July 17, 2020
By Matthew Shupe
6/19/20 Taking things head on
We ran into the floe. Directly. While scientifically we decided it would be best to moor to the floe along the ship’s port side to facilitate CTD operations, others onboard have been concerned about the Polarstern’s ability to hold its position alongside the floe in the face of ice pressure. We’ve, of course, experienced a lot of pressure thus far, which has been a great challenge at times. And so, the decision was made to instead drive straight into the floe and attempt to embed Polarstern. This type of position, the thinking goes, would allow the ship to be effectively protected from some of the ice forces by the floe itself. Polarstern cruised out from our parking spot from the last days and navigated around the floe to the south and then east, then cruised full speed ahead directly into the SE flank of the remaining MOSAiC floe. The ship was eventually stopped by the very thick ice, ridged and chunky. Backed up for another go, trying to embed further, but no such luck. The floe was not allowing such an entrance, and instead a crack opened up to the port side and another chunk of the floe broke off. Ever smaller the floe gets. In the morning the captain maneuvered the ship so that the starboard side was along the ice floe, and we will stick in this position and see how things go.
Parties are fun. Particularly on Polarstern when they pull out the barbecues on the working deck and make the web lab all nice inside. Tables, a bar, music, and a fantastic spread of food. Many options for the BBQ, various meats, fish, veggies, potatoes. Each person grills their own. The atmosphere is great, very relaxed, lots of smiles. And as the evening goes on, eventually the tables are moved, the music is turned up, and dancing commences. This is the formula for Polarstern parties. And today was a special party because it’s mid-summer. I like parties, and after some long days of slogging around in deep snow, I needed a break. But this was a bit of a strange time to take that break. We’ve just arrived and have tons to do. On Leg 1 we were racing the setting sun; now we are racing the melting snow and ice…The party interrupted our momentum and required cleaning out a space that is heavily used. On the bright side, it did help us to clean up some things that might have continued to be an issue… Now, even as the melt season is just getting started, the sun will actually be declining in intensity from day to day.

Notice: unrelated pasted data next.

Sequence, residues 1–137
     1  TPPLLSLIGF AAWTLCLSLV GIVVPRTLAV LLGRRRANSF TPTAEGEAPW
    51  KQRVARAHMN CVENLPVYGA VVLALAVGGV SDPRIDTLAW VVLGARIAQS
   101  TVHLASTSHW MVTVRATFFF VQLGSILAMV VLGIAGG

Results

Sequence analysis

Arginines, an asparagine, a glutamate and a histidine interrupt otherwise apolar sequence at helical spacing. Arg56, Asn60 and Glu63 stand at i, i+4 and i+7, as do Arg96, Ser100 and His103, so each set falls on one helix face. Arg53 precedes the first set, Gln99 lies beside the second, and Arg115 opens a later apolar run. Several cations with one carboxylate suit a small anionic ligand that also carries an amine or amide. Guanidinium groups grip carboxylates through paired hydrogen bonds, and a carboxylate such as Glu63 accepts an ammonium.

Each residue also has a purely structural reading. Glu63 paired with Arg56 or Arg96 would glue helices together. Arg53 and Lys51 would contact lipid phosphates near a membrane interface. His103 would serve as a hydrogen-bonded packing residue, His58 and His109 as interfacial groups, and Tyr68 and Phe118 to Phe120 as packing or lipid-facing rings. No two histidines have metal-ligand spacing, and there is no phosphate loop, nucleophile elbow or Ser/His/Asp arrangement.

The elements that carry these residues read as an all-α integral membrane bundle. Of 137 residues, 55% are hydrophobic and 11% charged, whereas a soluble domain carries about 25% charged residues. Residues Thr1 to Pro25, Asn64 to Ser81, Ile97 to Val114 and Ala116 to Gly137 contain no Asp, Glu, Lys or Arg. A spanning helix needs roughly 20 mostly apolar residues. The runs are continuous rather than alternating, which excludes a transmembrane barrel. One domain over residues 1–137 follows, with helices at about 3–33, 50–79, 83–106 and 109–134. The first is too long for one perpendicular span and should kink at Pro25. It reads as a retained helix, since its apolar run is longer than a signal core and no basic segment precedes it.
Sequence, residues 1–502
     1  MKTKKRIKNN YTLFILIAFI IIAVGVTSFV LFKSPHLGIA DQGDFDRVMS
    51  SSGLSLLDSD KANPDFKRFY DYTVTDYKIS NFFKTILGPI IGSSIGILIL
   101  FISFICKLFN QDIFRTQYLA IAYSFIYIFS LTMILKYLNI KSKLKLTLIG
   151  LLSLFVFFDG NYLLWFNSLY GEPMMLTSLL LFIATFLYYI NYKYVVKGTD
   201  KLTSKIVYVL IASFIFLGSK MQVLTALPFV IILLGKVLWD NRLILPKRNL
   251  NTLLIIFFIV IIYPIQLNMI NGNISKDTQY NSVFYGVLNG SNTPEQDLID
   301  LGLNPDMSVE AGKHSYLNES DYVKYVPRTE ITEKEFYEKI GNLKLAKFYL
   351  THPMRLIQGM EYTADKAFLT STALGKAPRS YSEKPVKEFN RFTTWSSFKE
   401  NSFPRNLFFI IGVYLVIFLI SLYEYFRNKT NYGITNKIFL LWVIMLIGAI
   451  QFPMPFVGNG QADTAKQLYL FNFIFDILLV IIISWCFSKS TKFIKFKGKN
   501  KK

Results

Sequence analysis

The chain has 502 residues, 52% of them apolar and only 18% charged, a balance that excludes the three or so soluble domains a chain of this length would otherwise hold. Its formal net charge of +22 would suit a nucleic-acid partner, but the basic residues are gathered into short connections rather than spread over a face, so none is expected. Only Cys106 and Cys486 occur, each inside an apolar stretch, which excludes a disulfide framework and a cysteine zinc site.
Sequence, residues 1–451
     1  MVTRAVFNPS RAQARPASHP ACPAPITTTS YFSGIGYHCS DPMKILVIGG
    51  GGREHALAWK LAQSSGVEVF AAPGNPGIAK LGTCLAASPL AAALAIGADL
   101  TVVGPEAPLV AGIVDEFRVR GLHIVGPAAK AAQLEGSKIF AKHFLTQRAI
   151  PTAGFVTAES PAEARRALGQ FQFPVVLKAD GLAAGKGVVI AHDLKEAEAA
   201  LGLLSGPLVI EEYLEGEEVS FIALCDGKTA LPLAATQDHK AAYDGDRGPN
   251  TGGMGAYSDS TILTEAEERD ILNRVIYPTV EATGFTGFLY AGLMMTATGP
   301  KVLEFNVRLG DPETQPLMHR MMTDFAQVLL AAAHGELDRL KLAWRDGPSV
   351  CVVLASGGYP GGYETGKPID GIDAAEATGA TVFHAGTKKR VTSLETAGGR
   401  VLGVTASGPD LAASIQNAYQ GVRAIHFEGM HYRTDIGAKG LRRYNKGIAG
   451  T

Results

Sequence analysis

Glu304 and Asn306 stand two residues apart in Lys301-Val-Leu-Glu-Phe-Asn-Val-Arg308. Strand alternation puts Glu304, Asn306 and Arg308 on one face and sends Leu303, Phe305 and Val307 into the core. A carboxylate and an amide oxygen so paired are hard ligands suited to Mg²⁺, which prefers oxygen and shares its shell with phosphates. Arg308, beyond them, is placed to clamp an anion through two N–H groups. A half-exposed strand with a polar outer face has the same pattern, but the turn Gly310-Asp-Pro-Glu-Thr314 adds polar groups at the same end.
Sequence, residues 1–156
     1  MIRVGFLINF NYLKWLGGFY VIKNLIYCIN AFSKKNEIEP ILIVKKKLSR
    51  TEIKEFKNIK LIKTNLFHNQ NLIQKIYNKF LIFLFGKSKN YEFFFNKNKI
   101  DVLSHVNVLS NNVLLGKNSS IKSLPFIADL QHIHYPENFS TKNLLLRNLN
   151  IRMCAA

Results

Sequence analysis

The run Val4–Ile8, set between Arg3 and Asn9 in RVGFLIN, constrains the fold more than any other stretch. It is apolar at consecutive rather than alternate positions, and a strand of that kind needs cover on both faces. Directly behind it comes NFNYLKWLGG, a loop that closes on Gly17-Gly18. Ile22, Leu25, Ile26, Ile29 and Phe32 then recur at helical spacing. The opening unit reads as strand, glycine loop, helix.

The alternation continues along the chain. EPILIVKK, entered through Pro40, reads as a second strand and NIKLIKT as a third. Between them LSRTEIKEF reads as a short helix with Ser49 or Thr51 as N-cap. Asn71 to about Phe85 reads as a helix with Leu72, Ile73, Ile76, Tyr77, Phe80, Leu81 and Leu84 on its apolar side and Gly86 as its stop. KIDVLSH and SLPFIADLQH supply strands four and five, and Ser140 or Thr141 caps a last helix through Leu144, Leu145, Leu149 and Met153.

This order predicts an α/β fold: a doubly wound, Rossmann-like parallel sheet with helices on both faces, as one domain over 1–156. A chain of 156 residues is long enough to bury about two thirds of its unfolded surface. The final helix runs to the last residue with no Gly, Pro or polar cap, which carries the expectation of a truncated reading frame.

Scientist Matthew Shupe (CIRES/University of Colorado Boulder) is blogging from an icebreaker frozen into Arctic Ocean sea ice, so far north that the Northern Lights are no longer visible. Shupe is co-coordinator of the international Arctic climate mission MOSAiC, or Multidisciplinary Drifting Observatory for the Study of Arctic Climate. Today, he’s among about 100 people aboard the German icebreaker Polarstern. Shupe, who also works for the NOAA Physical Sciences Division in Boulder, Colorado, began planning the mission more than a decade ago, with an expanding network of scientific leaders from around the world. In a series of short posts from the ship, he shares his experience of the expedition, led by the Alfred Wegener Institute. U.S. funding for MOSAiC sciences comes primarily from the National Science Foundation and the Department of Energy. Follow the expedition: https://follow.mosaic-expedition.org/ and @MOSAiCArctic.